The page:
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A Study of the Legislative Yuan's Function– Case Analysis of Interpellations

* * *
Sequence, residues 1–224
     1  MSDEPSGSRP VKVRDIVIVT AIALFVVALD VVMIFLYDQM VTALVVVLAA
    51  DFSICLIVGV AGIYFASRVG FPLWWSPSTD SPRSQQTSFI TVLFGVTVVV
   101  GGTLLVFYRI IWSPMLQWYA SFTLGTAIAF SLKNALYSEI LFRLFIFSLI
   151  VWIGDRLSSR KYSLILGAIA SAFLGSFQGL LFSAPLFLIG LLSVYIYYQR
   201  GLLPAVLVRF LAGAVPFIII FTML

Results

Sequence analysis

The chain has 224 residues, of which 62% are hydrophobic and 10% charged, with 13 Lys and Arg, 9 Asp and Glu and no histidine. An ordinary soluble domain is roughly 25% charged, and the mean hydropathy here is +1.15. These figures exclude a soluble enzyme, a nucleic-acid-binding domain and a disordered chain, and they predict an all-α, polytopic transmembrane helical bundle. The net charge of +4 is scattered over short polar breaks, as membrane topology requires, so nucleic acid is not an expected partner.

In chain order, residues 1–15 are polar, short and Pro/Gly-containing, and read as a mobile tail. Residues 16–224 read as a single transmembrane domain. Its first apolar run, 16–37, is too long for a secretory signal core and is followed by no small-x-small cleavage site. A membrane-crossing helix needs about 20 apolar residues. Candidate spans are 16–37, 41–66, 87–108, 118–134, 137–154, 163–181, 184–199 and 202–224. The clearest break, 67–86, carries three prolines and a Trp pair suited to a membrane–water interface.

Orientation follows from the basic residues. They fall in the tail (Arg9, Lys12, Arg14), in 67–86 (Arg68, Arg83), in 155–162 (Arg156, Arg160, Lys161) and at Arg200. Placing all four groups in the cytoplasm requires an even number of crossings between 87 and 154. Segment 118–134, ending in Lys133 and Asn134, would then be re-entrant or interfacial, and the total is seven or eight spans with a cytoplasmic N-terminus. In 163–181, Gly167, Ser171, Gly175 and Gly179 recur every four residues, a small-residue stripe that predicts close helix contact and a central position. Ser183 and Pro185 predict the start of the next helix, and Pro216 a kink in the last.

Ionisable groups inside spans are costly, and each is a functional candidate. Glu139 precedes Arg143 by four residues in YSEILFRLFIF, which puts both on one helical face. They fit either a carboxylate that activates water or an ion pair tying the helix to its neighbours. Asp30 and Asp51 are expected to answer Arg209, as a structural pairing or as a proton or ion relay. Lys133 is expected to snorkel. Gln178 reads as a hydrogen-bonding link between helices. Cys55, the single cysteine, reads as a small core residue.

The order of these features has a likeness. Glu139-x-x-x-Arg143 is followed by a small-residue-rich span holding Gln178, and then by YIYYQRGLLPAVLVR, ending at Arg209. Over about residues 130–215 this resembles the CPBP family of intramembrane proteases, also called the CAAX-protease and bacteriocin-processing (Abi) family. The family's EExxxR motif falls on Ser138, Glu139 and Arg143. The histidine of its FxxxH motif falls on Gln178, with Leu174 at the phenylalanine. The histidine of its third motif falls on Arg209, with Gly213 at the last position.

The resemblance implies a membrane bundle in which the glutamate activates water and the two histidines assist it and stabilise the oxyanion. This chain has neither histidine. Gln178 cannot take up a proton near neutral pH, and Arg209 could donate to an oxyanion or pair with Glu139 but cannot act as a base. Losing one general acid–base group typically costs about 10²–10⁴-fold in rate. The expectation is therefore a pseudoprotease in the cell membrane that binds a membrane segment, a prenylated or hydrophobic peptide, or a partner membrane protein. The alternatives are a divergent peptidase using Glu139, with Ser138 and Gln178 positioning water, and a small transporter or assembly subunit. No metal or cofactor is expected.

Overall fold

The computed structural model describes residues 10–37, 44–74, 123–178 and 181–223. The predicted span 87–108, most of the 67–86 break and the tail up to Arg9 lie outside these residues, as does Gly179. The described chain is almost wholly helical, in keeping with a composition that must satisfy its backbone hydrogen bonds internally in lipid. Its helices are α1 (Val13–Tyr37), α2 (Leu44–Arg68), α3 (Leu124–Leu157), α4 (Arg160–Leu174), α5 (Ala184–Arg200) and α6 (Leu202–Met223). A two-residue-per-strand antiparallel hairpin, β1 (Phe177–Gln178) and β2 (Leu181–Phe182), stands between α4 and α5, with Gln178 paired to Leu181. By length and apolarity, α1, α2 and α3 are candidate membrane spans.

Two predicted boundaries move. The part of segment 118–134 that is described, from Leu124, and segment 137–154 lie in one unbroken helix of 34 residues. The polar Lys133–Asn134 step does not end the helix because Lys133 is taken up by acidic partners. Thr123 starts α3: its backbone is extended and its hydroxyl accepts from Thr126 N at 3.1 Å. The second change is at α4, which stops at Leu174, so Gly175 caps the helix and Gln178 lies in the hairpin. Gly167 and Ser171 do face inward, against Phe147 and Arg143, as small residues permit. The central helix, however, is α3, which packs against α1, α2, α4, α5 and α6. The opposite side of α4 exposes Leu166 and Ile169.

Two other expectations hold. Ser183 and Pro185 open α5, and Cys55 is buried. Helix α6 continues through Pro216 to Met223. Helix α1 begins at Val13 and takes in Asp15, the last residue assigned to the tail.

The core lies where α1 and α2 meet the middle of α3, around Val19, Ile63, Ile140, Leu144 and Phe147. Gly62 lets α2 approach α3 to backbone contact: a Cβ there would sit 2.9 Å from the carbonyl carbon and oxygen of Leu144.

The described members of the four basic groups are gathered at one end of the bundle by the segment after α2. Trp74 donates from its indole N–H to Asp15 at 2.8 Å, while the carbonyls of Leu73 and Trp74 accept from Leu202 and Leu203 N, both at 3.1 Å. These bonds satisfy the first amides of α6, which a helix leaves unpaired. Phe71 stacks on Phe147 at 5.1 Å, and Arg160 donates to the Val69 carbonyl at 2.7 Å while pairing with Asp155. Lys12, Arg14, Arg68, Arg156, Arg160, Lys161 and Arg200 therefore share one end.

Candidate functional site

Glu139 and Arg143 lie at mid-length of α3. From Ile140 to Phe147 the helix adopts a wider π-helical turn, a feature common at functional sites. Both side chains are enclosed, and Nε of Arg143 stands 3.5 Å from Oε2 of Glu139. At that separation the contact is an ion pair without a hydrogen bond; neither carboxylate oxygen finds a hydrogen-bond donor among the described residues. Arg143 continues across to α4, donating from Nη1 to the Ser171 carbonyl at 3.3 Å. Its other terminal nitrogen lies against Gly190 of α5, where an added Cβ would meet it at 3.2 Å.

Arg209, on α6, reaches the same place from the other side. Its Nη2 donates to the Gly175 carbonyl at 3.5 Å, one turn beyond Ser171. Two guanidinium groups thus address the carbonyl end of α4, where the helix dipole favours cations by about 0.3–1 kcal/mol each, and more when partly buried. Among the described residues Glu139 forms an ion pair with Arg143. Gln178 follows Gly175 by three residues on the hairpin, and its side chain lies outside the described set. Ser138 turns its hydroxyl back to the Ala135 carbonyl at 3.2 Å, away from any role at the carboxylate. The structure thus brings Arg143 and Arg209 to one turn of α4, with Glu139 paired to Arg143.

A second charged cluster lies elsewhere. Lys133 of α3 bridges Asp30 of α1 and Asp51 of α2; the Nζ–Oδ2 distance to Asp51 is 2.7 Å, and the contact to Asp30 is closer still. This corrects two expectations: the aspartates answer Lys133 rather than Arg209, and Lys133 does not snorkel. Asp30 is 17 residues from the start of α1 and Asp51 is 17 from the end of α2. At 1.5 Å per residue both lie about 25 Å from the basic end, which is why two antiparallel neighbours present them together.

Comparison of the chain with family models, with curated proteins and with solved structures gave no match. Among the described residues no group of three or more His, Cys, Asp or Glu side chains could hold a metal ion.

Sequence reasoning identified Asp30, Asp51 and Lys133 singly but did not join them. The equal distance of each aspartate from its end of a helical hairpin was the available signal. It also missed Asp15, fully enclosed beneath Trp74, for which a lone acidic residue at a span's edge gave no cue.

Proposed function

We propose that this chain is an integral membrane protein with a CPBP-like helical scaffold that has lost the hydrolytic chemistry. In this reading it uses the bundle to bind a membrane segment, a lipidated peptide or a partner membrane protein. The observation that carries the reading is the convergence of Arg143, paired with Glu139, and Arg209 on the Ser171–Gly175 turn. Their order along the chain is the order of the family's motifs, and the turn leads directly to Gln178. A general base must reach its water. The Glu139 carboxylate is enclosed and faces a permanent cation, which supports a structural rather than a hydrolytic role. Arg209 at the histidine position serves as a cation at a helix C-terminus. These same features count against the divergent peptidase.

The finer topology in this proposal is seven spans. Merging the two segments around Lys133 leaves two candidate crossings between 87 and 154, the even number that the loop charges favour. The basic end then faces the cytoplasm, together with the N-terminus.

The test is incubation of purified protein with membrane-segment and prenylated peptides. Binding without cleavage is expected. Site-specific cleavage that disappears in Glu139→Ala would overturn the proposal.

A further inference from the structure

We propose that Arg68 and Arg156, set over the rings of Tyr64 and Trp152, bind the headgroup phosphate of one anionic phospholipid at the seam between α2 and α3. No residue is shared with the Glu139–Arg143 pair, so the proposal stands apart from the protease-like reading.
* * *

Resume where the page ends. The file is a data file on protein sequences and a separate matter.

Interpellation is used to refer to the right of legislators to submit oral or written questions to government officials about affairs for which the government is responsible and to demand that the officials answer them in writing or orally. This is a process through which the individual members of the legislature may come to understand, comment on and control the government's policy, and may exhort the government to correct individual official's illegal or inappropriate acts (Liu Ching-jui, 1982; 251). In addition to interpellations, the legislative bodies of the Western that have developed democracies also exercise the right of investigation to keep the government in check. This right is either provided for explicitly (Germany, Japan) or implicitly (the United Kingdom, the United States, France) in the constitution. In Taiwan, the Legislative Yuan has become the country's sole representative office since assuming most of the powers of the Control Yuan and the now-defunct National Assembly after the many attempts to amend the ROC Constitution. However, the right of investigation still falls within the authority of the Control Yuan, which limits the Legislative Yuan's ability to keep a tight rein on the executive branch. In order for the Legislative Yuan to live up to public expectations, it amended and enacted five acts before January 12, 1999, and all these changes took effect after then. The alterations were aimed to improve the function of the Legislative Yuan, not least the right of interpellation. Although the Democratic Progressive Party came to power in 2000 after the first political transfer of power in almost 55 years, it has been unable to secure a majority of seats in the Legislative Yuan via elections. This has resulted in a schism whereby the executive branch is controlled by one party and the legislative branch by others. This analysis attempts to explain the new regulations regarding interpellations. How have lawmakers of the ruling and opposition parties adapted to their new roles under a split government after the 2000 power shift? What controversies have arisen by lawmakers' questioning of the premier? What advantages has the interpellation process developed in other democracies? What are the shortcomings of the current interpellation process in Taiwan? And what can be done to improve the situation in Taiwan?
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